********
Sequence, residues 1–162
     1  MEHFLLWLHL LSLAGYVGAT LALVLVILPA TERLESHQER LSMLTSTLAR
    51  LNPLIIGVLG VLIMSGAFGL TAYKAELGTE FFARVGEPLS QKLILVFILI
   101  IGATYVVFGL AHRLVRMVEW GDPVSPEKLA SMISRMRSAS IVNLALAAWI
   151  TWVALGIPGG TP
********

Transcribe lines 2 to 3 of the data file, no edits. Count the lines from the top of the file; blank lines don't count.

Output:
     1  MEHFLLWLHL LSLAGYVGAT LALVLVILPA TERLESHQER LSMLTSTLAR
    51  LNPLIIGVLG VLIMSGAFGL TAYKAELGTE FFARVGEPLS QKLILVFILI